Examination of the colonic transit system

This examination shows how quickly food moves through the colon. The patient takes capsules that when seen on an X-ray, contain microscopic markers. The patient follows a high-fiber diet during the test, and three to seven days after the capsule is swallowed, many abdominal X-rays are taken in order to monitor the markers’ passage through the colon.

Anorectal function tests. These tests detect constipation caused by abnormal rectum or anus function.

How is constipation treated?

Based on the following information, your doctor will choose the best course of treatment for constipation:

  • Your age, overall health, and medical history
  • The degree of sickness severity
  • Your tolerance for specific medications, therapies, or operations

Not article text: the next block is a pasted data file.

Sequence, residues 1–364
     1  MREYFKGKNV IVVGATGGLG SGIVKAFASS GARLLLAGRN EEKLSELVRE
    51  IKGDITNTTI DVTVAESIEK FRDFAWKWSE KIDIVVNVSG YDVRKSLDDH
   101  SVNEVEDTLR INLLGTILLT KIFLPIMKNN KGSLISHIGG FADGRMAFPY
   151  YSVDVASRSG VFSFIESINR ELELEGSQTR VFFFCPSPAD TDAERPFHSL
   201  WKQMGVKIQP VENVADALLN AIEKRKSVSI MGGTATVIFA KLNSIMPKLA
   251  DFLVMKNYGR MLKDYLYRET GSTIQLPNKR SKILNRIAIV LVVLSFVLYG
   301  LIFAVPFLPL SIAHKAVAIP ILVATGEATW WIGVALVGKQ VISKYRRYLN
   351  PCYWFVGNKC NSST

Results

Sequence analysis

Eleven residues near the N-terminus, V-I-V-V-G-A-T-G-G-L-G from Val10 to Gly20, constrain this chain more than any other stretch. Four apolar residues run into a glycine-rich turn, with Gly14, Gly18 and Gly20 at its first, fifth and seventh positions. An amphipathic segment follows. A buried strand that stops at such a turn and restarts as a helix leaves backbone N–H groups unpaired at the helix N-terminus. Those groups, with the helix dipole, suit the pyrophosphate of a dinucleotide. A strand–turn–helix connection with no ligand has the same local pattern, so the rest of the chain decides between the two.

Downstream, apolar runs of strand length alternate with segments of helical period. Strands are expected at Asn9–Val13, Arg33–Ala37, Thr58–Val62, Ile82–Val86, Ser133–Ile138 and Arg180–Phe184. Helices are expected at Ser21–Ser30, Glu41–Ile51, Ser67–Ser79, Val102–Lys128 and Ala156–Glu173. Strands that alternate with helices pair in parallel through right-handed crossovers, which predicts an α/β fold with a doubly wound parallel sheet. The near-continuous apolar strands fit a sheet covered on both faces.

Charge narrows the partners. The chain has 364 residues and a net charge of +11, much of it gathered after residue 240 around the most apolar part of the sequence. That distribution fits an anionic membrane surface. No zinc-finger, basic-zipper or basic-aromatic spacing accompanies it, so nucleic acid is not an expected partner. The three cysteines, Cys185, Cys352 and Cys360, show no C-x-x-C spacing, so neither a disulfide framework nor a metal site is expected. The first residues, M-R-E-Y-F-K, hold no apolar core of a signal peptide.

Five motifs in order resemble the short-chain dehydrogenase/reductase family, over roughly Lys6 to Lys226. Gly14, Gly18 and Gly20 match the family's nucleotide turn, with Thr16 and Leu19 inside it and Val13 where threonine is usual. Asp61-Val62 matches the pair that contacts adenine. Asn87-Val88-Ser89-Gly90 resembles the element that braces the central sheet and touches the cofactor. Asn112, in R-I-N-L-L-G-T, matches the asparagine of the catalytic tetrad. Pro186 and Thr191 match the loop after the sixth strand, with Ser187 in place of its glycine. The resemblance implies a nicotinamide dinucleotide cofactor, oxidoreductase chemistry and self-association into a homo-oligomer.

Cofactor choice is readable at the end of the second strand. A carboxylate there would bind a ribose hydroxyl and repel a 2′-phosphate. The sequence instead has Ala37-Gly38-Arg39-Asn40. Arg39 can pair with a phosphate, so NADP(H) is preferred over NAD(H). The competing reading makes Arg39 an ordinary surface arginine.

• Expectations regarding the course of this sickness

The most popular treatments for constipation are dietary and lifestyle changes because they both lessen symptoms and can prevent the condition entirely. Potential therapy plan:

  • Diet adjustments

A 20 to 35 gram daily fiber intake helps promote the formation of soft, viscous stools. While whole grains, lentils, and bran cereals can help boost the amount of fiber in the diet, so can meals like fresh fruits and vegetables. Limiting high-fiber meals such as processed foods, ice cream, cheeses, and meats can also be helpful.

  • Laxatives

Laxatives may be administered if dietary and lifestyle changes are ineffective. Taking out or changing a prescription

  • Biofeedback

Biofeedback is used to treat chronic constipation caused by anorectal dysfunction. During this treatment, the muscles that control the release of bowel motions are retrained.